While not a substitute for proper RFDS or Marine equipment, amateur radio can add to the enjoyment of the trip on holidays and excursions. And the portable communications capability may be useful in emergencies.
Philosophy and Objectives
I once did Field Day with a club where, despite the large number of helpers, it took hours to set up and dismantle the truly impressive portable station. Others spend months (and thousands of dollars) kitting out vehicles specially for portable use. There is no denying the effectiveness of such stations in earning high contest scores or setting microwave records.
* Availability of tall trees with branches in the clear (for supporting HF wire antennas)* Availability of fences or metal railings (for earthing and tying telescopic antenna masts to)* Sloping ground and/or water in favoured transmitting directions* Sufficient room to erect masts and wires without getting in the way of other users* Distance from power lines and other potential man made interference sources* General site amenity. Eg shade, shelter from wind and rain, decks/tables/seating, lighting, etc* Ease and availability of access. If driving, how near can you get to the favoured operating position? And if it's a park, do the gates shut at night?* Proximity to home
The relative importance of these factors will vary according to the bands used, and the type and distance of contacts desired. If you're into DXing you may be willing to go for a further or less comfortable site if it means lower noise, better ground slope or water in the chosen direction. More on this later.
At certain times and places other band come into their own. Examples include 80 metres (evenings), 160 metres AM (ground wave during the day), 10 metres (Summer sporadic E or DX openings) and 17 metres (when there's a major contest on 20 metres). If you're up for a challenge, consider dawn or dusk greyline DX on the lower HF bands. More on the properties of various bands in the Foundation guide to frequencies and at QRP activity by band.
A half wavelength of wire (20 metres on 40 metres or 10 metres on 20 metres) is the basic building block for HF portable antennas. Don't believe me? Jam a quarter wavelength of wire into your antenna socket and try to make contacts. You'll get some but adding another quarter wave to the transceiver's ground should improve results.
The main differences are how you support it, how you orient it and how you feed it. The method chosen depends on what's most convenient and the types of contacts desired. Below I describe the variants most useful for portable operating.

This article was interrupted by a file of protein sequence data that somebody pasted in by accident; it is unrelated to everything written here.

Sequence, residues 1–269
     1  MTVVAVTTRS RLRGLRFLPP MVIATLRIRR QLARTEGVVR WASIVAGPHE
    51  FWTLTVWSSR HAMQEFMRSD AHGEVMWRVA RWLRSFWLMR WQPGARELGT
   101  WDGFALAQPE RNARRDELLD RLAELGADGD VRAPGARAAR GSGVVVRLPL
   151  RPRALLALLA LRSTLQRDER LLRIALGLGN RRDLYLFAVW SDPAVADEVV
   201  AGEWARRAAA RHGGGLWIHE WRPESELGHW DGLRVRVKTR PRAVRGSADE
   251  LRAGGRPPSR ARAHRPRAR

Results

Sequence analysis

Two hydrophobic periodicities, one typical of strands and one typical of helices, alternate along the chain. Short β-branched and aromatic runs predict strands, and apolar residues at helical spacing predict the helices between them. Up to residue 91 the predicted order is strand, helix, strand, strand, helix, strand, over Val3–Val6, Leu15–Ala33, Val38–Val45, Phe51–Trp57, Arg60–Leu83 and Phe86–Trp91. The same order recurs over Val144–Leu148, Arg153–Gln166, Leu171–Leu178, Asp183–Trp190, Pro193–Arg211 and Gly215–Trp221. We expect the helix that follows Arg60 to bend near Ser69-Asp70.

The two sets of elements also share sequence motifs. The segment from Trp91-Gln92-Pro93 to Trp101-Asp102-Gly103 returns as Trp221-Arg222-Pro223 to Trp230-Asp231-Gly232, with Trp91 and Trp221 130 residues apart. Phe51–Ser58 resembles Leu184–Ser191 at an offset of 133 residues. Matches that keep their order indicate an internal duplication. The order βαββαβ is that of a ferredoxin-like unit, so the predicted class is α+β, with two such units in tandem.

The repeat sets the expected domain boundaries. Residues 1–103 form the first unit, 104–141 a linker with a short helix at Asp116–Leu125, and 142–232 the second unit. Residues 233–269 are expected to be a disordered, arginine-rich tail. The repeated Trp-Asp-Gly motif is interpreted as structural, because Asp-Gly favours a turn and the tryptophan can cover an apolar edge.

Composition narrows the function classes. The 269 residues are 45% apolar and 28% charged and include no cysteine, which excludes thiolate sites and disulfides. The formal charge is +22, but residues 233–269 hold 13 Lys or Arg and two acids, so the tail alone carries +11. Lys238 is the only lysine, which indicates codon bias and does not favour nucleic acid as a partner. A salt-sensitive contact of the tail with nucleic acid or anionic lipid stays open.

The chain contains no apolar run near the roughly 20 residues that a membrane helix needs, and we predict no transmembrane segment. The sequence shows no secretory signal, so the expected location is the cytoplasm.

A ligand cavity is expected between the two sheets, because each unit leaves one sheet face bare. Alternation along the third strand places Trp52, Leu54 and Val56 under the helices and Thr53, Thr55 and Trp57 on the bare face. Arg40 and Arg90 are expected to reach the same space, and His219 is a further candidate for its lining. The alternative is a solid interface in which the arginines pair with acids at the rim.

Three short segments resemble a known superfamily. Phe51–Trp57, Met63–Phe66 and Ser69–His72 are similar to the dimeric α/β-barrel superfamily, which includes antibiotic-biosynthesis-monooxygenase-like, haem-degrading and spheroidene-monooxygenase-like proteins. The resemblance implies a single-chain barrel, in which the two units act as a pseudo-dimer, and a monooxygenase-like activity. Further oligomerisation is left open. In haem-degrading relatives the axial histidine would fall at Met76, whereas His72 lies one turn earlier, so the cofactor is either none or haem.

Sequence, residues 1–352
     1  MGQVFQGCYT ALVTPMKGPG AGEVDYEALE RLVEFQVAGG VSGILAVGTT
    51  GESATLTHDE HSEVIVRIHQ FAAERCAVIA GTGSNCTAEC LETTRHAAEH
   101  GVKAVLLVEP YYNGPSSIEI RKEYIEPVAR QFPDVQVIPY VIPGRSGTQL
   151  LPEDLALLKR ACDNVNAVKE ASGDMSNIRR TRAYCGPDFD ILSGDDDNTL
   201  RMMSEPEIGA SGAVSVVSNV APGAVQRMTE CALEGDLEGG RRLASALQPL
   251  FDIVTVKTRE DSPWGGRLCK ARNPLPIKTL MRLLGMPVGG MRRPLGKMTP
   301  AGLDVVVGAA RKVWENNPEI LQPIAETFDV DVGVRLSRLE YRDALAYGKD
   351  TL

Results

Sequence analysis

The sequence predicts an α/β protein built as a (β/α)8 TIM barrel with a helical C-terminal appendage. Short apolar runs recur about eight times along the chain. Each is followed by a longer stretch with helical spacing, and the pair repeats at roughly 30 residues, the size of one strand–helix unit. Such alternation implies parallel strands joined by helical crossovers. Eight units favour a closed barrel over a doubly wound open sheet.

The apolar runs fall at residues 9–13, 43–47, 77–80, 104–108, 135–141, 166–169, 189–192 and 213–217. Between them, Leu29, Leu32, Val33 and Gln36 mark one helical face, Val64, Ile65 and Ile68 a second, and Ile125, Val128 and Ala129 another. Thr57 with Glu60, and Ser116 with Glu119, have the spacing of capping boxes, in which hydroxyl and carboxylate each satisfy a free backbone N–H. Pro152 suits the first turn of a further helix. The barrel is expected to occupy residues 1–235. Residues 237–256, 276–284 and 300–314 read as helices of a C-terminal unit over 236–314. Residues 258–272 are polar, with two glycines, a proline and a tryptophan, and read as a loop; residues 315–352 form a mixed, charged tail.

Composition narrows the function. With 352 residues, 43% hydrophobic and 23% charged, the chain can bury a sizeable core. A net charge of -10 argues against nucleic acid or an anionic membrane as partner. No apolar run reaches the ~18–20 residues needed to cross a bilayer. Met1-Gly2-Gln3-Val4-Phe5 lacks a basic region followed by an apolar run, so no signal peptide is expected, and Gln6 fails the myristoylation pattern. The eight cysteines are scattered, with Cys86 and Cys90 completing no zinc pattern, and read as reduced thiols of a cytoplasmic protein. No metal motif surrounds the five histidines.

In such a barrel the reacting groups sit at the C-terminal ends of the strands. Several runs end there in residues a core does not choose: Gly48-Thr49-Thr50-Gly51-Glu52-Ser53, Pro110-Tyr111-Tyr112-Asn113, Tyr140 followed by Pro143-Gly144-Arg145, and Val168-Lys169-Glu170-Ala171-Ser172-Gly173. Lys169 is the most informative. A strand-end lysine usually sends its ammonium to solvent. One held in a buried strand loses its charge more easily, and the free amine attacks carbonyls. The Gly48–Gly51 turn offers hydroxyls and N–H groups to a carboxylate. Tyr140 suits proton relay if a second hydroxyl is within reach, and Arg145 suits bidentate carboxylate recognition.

* Centre fed half wave horizontal dipole. Take your half wavelength of wire, fold it and cut into two equal lengths. Attach any length of feedline to the centre. String the antenna ends between two trees and have the feedline hanging down. If the feeder is coaxial cable you'll have an antenna efficient for one band and won't need an antenna coupling unit. Whereas with open wire the antenna will operate efficiently on multiple bands but will need an antenna coupling unit. The basic half wave dipole will perform well up to medium distances, with height an advantage for longer distance contacts.
* Inverted vee dipole. Everthing's the same as the dipole above. The difference is that instead of hoping there's two trees spaced just the right distance apart, you support it at its centre. The ends are tied off to lower trees or fence posts. Again good for reliable HF contacts up to a few thousand kilometres, with longer distance DX very possible.
* Vertical dipole Again the centre fed dipole is used unchanged. But this time you support one end from a high support so that the radiating element is vertical. The feedline must be brought off to the side, as near as 90 degrees as possible from the centre of the antenna. A vertical dipole is difficult to arrange on 40 metres as a 20 metre high support is needed. However they're much easier on 20 metres as only a 10 metre support (such as a lightweight squid pole) will suffice.Especially if used over a conductive ground, such as salt water, a vertical dipole will outperform a horizontal dipole for long distance contacts because of its lower angle of radiation. Because I normally operate near salt water, I've become a big fan of vertical dipoles for 20 metre QRP DXing. I should warn you that they can be noisy on receive, but this might be a signal that it's time to try a quieter location.
* End fed inverted vee. Here's where we ditch the bulky coax feedline and substitute a small L-match antenna coupler and short counterpoise. As its not supporting anything, the antenna wire can be the lightest grade of insulated hook-up wire. This lightness allows it to be supported on a telescopic squid pole - a huge advantage near the beach without trees.
An end-fed wire of approximately 20 - 22 metres long and a 9 metre pole provides good local and medium distance results on 7 MHz. Because of the coupler it provides multiband capability. It will tune on 14 MHz as a 1 wavelength end-fed but doesn't seem to be as good as a vertical dipole for DX.
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